7 real estate video tools that grab buyers’ attention


August is Listing Tech thematic month at Inman. Throughout the month, we explore list technology, a conversation spanning portals to unique listing sites, landing pages, 3D tours, photographs, videos, promotions and more.

The list video has gone from an automated slideshow of images over cheesy stock music to highly produced, Hollywood shorts.

As with everything, the most effective and practical style of list video is somewhere in the middle, and there are all kinds of tools on the market to help you make this list stand out on large and small screens. .

This month, Inman discusses the multifaceted and deeply nuanced concept of SEO technology, and the impact of shareable digital video on real estate marketing is a big factor in how consumers react to available properties.

Let’s take a look at seven video technology providers that are helping Inman readers shine online with personalized real estate productions, social media ready videos, and auxiliary lead generation tactics. The more original content you create for an ad, the more it can stand out in the market. Yet video is still underutilized.

Plus, since online content tends to thrive in perpetuity, video made today helps you market for tomorrow. And one more thing: the market is increasingly comfortable with sight buying, and video is essential in helping your seller get better deals in less time.

1. Replay the lists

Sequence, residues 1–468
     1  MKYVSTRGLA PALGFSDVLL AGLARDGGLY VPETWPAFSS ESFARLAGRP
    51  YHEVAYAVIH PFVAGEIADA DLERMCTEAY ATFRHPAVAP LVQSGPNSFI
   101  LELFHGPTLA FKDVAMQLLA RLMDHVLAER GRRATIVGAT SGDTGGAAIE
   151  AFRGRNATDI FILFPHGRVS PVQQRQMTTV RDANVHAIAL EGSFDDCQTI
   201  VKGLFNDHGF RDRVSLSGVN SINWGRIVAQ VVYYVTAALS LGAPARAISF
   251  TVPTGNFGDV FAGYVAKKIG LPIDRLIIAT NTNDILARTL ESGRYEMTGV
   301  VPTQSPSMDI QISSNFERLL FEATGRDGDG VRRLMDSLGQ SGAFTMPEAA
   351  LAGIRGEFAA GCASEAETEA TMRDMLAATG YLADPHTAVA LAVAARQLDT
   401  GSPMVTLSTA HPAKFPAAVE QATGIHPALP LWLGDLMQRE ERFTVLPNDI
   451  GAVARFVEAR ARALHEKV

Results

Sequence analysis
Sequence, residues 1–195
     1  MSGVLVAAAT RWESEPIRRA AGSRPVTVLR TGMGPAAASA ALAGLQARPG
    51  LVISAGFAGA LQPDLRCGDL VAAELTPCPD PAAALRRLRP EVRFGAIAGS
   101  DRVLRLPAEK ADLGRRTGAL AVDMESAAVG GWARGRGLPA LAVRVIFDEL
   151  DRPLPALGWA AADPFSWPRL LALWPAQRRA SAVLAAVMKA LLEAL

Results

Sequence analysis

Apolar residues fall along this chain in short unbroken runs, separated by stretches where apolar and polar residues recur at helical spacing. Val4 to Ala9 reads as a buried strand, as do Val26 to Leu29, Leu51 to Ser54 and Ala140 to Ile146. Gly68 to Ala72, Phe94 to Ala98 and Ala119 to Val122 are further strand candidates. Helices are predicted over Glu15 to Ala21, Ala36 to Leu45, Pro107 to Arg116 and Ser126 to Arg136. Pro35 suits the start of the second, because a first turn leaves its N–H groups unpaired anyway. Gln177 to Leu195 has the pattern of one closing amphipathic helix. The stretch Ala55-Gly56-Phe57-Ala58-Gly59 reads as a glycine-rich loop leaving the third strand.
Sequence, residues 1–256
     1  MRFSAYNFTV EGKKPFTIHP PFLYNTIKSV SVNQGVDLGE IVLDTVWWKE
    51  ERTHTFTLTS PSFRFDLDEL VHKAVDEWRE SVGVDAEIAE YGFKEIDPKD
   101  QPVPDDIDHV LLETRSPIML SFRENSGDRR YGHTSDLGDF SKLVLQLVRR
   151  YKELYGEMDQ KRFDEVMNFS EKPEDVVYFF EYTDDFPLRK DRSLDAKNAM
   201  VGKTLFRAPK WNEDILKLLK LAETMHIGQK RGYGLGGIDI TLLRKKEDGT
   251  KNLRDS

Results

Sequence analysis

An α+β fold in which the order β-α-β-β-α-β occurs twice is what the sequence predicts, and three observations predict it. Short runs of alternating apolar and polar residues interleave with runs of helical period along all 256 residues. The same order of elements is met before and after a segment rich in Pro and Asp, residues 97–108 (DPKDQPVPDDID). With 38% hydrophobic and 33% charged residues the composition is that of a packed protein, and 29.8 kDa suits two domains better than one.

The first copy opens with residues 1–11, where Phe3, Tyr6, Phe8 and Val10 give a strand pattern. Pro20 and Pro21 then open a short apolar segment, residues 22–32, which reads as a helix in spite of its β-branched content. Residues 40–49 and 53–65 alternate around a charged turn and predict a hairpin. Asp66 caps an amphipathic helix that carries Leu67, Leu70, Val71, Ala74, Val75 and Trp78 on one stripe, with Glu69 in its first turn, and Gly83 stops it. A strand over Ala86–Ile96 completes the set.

Based in New York City, Replay Listings is a video maker app that encourages agents to create quick, authentic tours of available apartments.

The company is relatively low-key when it comes to what the videos may contain, but insists they should be dialogue-free and under two minutes in length. It doesn’t come with any in-app editing or fancy graphics, opting instead for straightforward, straightforward proprietary videos.

Think of it as video-based MLS. It does not push the quality of production or marketing beyond its intrinsic intent, which is to help agents and their clients gain a better visual understanding of an available property before planning a physical meeting.

2. Phixer

Similar to BoxBrownie in that users upload content, add context, and get something much better in return, Phixer customers only need to upload a series of individual video clips and, in a day, to have a professionally edited promotional listing video.

Your video includes image, music, and branding elements. And also like BoxBrownie, Phixer uses a team of talented foreign writers to make edits while you sleep and help you market lists when you are awake.

3. Kerbox Media

It took a long time for former agent Bill Kerbox to get my attention. He was at the start of the video marketing game – too early, In reality. Time was on its side, however, and now Kerbox is producing compelling content for realtors, teams and national franchises.

It is not an app or an algorithm that produces ready-made videos. Kerbox works with clients one on one to create unique video projects, helps you market your content, and can help produce general branded content as well.

Kerbox admits he’s happy to see more and more agents embracing video and stepping in front of the camera, but is confident that with little additional time and investment, it’s not difficult to move from DIY to a professional and refined product.